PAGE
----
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Swedish language

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Swedish is a language spoken in Sweden and Finland. Swedish is a one of the Scandinavian languages, a sub-group of the Germanic group of the Indo-European language family.

Swedish is closely related to, and often mutually intelligible with, Danish and Norwegian. All three diverged from Old Norse about a millennium ago. Swedish and Danish are both considered East Scandinavian languages, although Swedes usually find it easier to understand Norwegian than Danish. But even if a Swede finds it difficult to understand a Dane it is not necessarily the other way around.[1] (http://www.um.dk/english/faktaark/fa29/fa29_eng.asp)

The primary task of the Swedish Academy is to further the use of the Swedish language. The primary instrument for this is its dictionaries. Even though the dictionaries are sometimes perceived as an official definition of the language, their task is more of a descriptive nature.

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Where Spoken Swedish is the national (but not official) language of Sweden, mother tongue[?] for the Sweden-born inhabitants (7,881,000) and acquired by nearly all immigrants (1,028,000) (figures according to official statistics for 2001).

Swedish is the official language of the small autonomous territory of the Åland Islands, under sovereignty of Finland, protected by international treaties and Finnish laws. In contrast to Finland the Åland Islands are monolingual - Finnish has no official status.

In Finland, both Swedish and Finnish are official languages. Swedish had been the language of government in Finland for some 700 years, when Finnish go equal status in 1892, following Russian strivings to isolate the Grand Duchy from Sweden. (This, ironically, means that Finland, with Åland, is the only country where Swedish holds official status.) However, Swedish is mother tongue[?] for only a minority of the Finns: about 265,000 in Finland and 25,000 on Åland, or 5.6% of the total population according to official statistics for 2002. Since an education reform in the 1970s Swedish has been a compulsory subject in Finnish schools, and mandatory in the final examinations - in Finnish derogatory referred to as Pakkoruotsi. The Finland-Swedish minority is concentrated in some coastal areas and archipelagos of southern and south-western Finland, where they form a local majority in some communities.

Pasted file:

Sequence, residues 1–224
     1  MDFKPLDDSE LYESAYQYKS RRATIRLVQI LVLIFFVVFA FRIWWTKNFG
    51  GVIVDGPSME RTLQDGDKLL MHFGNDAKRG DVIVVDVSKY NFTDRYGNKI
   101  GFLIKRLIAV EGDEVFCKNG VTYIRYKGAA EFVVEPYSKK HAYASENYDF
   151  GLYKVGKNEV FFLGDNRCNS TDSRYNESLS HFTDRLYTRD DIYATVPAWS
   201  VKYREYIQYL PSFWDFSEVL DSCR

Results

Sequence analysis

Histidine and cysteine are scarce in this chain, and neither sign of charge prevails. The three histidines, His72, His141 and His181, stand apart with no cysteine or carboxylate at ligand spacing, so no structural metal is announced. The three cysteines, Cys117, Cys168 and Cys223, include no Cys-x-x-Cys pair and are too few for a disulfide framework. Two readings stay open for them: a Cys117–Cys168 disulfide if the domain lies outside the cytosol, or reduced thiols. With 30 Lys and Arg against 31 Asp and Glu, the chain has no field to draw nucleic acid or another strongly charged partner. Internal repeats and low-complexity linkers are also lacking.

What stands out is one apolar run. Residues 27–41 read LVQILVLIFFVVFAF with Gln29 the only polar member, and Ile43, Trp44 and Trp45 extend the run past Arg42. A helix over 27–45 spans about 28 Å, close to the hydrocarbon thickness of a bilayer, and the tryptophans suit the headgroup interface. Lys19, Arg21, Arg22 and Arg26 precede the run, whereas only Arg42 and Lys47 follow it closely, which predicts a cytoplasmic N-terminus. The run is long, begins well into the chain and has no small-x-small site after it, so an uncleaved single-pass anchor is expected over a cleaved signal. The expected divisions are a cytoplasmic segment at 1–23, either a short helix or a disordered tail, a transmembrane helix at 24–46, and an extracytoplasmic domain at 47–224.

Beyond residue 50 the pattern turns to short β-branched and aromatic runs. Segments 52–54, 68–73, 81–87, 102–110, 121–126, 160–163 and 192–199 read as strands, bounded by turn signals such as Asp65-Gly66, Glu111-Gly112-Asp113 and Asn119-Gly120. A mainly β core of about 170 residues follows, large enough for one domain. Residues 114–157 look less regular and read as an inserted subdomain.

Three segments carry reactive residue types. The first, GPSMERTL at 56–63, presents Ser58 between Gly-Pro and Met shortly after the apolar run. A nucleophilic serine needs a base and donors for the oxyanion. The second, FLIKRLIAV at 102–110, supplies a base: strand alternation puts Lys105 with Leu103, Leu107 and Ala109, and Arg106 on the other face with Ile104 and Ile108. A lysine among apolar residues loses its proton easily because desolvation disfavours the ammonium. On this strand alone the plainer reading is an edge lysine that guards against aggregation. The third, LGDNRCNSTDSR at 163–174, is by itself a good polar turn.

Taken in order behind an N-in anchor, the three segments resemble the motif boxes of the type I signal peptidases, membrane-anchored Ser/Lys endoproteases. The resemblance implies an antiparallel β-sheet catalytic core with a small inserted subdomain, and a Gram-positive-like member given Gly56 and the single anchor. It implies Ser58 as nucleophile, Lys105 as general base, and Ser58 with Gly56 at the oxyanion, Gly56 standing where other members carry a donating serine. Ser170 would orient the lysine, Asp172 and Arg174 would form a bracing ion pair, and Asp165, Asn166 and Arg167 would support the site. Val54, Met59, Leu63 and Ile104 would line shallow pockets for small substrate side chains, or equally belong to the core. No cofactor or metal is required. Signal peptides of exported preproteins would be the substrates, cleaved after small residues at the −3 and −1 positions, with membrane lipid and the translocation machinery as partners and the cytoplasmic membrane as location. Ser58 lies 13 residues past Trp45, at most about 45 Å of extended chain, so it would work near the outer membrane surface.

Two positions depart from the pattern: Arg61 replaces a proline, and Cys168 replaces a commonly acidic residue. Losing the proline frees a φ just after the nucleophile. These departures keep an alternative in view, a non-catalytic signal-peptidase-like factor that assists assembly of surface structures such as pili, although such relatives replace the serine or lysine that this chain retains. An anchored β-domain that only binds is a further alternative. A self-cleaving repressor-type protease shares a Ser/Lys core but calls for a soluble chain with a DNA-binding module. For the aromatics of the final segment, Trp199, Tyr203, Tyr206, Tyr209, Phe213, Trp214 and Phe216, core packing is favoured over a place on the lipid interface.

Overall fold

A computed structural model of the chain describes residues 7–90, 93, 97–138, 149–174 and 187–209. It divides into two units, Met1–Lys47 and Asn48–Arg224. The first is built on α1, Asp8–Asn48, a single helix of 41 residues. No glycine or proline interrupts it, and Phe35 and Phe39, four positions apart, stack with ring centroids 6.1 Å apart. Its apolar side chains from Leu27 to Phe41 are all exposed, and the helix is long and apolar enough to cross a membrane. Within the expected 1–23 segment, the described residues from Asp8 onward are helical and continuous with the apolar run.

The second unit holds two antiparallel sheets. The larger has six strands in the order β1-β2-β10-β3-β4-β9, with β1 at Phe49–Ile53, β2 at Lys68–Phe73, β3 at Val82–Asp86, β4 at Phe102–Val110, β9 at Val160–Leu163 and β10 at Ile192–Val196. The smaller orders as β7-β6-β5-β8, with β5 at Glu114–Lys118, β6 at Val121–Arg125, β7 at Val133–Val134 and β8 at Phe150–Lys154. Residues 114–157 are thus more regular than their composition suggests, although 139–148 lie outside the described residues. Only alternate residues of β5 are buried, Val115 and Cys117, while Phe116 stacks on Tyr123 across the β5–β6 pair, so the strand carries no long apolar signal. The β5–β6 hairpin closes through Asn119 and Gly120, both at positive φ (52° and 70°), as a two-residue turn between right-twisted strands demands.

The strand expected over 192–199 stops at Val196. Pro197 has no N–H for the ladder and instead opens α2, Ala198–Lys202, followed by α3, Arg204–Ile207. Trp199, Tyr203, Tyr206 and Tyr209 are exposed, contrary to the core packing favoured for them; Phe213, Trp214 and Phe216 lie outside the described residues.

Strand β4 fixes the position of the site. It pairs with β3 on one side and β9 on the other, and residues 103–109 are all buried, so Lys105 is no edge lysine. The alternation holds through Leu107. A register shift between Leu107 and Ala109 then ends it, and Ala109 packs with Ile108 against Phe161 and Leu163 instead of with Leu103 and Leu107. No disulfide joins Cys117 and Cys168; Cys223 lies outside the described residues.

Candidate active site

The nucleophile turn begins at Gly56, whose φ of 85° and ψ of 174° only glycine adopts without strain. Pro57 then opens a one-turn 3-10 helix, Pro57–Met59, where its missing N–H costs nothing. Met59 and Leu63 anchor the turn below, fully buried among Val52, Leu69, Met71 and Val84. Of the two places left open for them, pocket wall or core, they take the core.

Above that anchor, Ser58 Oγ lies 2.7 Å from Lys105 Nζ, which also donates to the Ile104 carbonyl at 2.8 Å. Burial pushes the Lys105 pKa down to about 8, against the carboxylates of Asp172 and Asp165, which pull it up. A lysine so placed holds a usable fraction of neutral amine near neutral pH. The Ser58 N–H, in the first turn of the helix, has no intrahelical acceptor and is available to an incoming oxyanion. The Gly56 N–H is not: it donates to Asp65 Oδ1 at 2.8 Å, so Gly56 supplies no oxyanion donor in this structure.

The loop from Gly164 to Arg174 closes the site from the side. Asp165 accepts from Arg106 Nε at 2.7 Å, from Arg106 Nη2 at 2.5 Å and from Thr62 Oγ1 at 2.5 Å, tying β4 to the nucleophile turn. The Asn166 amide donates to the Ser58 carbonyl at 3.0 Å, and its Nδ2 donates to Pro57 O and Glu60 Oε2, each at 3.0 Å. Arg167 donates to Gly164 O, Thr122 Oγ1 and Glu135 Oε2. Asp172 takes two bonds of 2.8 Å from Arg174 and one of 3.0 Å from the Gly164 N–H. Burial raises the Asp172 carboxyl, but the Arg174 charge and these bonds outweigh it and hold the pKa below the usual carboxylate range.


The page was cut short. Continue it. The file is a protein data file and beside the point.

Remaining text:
There were formerly Swedish-speaking communities in the Baltic states, especially on the islands (Dagö, Ösel and Ormsö[?]) along the coast. After the loss of the Baltic territories to Russia in the early 18th century, many of them were forced to make the long march to Ukraine. The survivors of that march eventually founded a number of Swedish-speaking villages which survived until the Russian revolution, when the inhabitants were evacuated to Sweden. The dialect they spoke was known as gammalsvenska (Old Swedish). (Today there exist a few elderly descendants in the village of Gammalsvenskby (Old Swedish Village) in Ukraine, whom still speak Swedish and observe holidays according to the Swedish calendar.)

In Estonia, the small remaining Swedish community was very well treated between the first and second world wars. Municipalities with a Swedish majority, mainly found along the coast, had Swedish as the administrative language and Swedish-Estonian culture experienced an upswing. Most Swedish-speaking people fled to Sweden at the end of World War II.

There are small numbers of Swedish speakers in other countries, such as the United States. (See Languages in the United States.) There are also descendants in Brasil and Argentina resulting from Swedish immigration that have maintained a distinction by language and names, also against groups of European immigrants in the region.

There is considerable migration (labor and other) between the Scandinavian countries, but due to the similarity between the languages and culture expatriates generally assimilate quickly and do not stand out as a group. (Note: Finland is, strictly speaking, not a Scandinavian country. It does, however, belong to the group of Nordic countries together with Iceland and the Scandinavian countries.)